I generally don't do anything to rings on a bedded rail, as they should line up perfectly, and are machined to tight tolerances.  I bedded the PRWs I mentioned because I had lapped them on a two base setup, and needed to get them back to square for the rail I put them on.  It worked very well, and provides excellent contact.
 
The electric tape should give you good contact, but it also naturally has some give during recoil, which could be a problem.
 
I just stole the ring bedding from the benchrest guys.  They have been doing it for years.  If I have a contact issue, it is my preferred fix.
Post Options Post Options   Thanks (0) Thanks(0)     Back to Top Direct Link To This Post Posted: March/17/2012 at 18:01
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How can it not take more off the bottom?  Gravity alone will cause that.  Those bars are heavy, and push down under their own weight.  So more is going to come off the bottom.  IF you tighten down the caps to much then the bar will not move.  The only way it could not is if you some how was able to pull up at just the right amount of pressure to make it even.

Plus you are pulling and pushing from one end of the bar, that is going to make it dig slightly into that ring more.  Lapping is just a bad idea all the way around.  

That is what Glen was talking about with using a machine to do it.  It allows you to take out all these variables.  Personally I will trust Glen on this.  He is a master machinist and knows more about this kind of stuff than most of us will ever dream of. 

Lapping is a bandaid to a bigger problem.  It does not fix the problem.

I used to lap rings as well.  Then I saw the light.  Once you lap them they are pretty much dedicated to a specific rifle.  Unless you do what Matt did and bed them back square which would be a PITA.  If you fix the problem then you don't have to lap them to begin with and they fit on any rifle.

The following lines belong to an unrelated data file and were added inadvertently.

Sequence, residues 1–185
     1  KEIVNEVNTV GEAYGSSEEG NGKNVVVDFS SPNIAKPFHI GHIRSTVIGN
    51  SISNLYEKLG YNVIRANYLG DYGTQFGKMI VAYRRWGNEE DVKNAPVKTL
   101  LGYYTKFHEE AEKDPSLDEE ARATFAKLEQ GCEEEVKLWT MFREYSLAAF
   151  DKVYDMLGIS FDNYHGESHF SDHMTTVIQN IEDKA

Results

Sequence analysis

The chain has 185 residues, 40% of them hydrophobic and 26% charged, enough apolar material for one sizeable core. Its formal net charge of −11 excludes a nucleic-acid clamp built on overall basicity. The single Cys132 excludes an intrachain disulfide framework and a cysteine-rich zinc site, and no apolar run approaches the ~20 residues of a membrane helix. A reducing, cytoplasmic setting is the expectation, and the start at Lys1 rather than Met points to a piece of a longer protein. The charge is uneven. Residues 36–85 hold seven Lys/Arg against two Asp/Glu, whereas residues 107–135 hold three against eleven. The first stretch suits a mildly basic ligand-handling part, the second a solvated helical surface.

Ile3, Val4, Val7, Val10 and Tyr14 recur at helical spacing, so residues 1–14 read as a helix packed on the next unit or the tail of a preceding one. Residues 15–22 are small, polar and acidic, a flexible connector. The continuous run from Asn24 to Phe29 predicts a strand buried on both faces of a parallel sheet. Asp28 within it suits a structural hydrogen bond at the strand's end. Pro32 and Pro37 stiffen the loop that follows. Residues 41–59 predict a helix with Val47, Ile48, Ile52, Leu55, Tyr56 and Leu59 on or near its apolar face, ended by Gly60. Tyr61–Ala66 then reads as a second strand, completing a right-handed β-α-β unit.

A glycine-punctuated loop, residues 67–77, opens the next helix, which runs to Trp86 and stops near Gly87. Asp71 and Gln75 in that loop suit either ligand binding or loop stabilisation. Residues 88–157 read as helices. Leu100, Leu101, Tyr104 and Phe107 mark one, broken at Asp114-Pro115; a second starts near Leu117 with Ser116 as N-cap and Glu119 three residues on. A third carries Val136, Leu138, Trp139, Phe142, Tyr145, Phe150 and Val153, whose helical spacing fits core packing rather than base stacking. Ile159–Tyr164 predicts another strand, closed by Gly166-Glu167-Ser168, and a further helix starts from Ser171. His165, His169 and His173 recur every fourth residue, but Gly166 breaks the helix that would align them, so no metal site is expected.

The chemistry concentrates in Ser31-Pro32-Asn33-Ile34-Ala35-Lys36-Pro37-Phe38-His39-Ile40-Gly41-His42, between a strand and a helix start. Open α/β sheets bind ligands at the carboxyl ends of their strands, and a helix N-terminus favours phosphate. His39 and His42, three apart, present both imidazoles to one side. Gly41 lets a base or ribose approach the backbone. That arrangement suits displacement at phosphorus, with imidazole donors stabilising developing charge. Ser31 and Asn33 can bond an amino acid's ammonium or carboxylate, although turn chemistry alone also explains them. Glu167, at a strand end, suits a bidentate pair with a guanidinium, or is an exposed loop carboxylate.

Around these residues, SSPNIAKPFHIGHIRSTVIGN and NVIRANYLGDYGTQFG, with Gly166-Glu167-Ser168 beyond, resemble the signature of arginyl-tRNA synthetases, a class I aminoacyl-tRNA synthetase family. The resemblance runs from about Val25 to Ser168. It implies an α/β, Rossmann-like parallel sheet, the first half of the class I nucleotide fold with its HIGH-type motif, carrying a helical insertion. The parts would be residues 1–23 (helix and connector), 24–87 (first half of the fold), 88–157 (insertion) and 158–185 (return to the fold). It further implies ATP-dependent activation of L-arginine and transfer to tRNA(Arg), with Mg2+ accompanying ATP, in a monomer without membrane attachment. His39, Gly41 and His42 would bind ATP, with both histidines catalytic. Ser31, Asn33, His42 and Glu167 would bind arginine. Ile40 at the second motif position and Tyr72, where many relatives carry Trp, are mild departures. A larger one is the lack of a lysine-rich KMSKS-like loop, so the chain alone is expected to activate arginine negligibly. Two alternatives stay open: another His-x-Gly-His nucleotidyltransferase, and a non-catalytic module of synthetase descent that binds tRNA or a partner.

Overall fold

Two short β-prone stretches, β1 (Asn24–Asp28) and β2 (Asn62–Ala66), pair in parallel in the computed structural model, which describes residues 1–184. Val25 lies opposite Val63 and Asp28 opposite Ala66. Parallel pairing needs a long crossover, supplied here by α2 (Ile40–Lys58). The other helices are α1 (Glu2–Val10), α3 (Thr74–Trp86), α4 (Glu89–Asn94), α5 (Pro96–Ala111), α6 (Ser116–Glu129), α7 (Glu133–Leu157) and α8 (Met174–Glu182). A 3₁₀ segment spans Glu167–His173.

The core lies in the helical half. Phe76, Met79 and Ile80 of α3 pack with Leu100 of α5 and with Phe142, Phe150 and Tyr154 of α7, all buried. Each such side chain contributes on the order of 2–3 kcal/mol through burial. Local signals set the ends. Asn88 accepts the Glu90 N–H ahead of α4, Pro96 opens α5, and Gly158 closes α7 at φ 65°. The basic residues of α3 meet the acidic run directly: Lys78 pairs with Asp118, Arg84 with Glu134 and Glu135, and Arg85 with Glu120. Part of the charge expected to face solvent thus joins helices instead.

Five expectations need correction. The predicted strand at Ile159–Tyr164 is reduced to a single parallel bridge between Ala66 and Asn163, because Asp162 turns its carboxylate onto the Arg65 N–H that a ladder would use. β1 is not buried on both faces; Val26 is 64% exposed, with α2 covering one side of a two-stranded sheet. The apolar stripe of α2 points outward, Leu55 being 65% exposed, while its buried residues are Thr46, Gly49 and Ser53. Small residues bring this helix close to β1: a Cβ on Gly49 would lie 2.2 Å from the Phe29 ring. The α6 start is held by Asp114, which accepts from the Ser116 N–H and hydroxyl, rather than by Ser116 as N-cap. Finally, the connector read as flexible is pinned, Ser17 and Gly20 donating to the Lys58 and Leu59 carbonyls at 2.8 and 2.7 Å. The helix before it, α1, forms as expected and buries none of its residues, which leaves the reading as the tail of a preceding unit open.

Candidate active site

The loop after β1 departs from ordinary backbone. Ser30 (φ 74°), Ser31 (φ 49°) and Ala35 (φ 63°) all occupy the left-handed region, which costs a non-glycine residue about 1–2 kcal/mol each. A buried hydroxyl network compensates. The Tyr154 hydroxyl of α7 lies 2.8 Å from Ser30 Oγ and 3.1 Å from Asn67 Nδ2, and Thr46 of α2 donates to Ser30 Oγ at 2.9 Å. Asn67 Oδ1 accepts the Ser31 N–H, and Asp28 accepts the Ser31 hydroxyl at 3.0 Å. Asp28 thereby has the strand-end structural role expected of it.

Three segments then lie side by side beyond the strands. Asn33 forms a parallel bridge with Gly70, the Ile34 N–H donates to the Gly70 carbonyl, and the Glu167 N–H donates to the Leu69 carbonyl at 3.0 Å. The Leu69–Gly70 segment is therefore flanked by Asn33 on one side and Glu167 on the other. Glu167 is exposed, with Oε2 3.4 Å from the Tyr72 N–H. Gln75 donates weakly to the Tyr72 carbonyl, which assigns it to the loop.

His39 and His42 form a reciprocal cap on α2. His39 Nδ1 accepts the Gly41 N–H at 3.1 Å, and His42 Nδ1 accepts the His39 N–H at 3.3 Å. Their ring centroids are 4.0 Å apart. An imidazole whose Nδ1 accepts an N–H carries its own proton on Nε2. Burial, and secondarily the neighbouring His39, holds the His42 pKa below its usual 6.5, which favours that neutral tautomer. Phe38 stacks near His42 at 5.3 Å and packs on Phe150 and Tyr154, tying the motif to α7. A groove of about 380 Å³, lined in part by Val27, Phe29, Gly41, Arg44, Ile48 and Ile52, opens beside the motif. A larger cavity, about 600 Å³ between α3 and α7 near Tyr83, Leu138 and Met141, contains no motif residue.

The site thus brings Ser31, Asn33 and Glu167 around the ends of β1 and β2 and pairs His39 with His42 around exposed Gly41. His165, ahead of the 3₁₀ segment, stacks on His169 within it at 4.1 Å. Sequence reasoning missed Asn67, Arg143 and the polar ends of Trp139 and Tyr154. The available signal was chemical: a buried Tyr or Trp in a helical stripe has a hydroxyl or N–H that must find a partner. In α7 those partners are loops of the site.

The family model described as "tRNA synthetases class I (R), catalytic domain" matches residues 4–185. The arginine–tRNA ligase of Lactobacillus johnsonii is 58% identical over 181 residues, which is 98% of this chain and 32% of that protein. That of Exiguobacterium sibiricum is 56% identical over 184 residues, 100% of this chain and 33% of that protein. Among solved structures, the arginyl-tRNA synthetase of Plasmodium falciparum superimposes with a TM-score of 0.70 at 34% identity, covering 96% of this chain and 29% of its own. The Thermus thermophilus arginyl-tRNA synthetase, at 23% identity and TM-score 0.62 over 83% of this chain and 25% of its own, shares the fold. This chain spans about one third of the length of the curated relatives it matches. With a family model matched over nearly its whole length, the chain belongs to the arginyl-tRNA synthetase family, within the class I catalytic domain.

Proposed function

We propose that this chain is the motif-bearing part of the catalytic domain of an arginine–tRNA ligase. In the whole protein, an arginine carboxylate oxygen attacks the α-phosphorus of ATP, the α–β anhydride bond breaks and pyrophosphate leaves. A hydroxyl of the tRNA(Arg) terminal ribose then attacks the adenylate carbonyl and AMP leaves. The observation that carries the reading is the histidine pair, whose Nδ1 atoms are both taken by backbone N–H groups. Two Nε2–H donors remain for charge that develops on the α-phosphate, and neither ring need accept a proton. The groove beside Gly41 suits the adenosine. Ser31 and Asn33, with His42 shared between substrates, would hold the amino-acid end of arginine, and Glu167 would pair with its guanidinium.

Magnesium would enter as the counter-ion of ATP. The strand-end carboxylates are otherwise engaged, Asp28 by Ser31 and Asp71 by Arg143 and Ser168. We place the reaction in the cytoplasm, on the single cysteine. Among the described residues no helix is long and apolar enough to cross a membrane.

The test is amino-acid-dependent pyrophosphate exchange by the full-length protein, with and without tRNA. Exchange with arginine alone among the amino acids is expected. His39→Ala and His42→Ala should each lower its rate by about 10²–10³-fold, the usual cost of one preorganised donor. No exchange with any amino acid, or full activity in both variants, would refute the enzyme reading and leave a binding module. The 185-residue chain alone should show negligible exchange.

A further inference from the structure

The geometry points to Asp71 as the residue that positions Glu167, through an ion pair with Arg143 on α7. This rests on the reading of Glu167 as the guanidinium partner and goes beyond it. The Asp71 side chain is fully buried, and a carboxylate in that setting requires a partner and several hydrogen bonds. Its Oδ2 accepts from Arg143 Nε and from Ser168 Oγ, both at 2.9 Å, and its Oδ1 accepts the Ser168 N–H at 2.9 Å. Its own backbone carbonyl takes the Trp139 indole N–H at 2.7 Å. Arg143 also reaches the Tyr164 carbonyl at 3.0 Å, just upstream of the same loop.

There is just no need to lap them if you fix the problems properly.  That is what Glen was talking about as well, he doesn't own a lapping bar any more because he fixes the problem properly. 

There is a reason why most manufacturers void the warranty if they are lapped.


Edited by supertool73 - March/17/2012 at 18:11
Post Options Post Options   Thanks (0) Thanks(0)     Back to Top Direct Link To This Post Posted: March/17/2012 at 18:25
Bitterroot Bulls View Drop Down
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ST, I agree.

I don't lap anymore.  There is no need as long as your base is square and true.  There can be a need if you use two piece bases, and there is a problem with the action hole spacing/alignment.  In that case (which is pretty often) you can use some sort of jig to get the bases square to each other, and bed them square (TPS sells/sold a jig for doing that), or (preferably) bed a one piece base, or bed the rings.
 
Here are the pics:
 
 
 
Of course these rings are for THIS scope now.
 
 
Post Options Post Options   Thanks (0) Thanks(0)     Back to Top Direct Link To This Post Posted: March/18/2012 at 08:32
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What about lapping vertically split rings (like the Talley's) in the original post? Still seems like an endeavor in futility to me.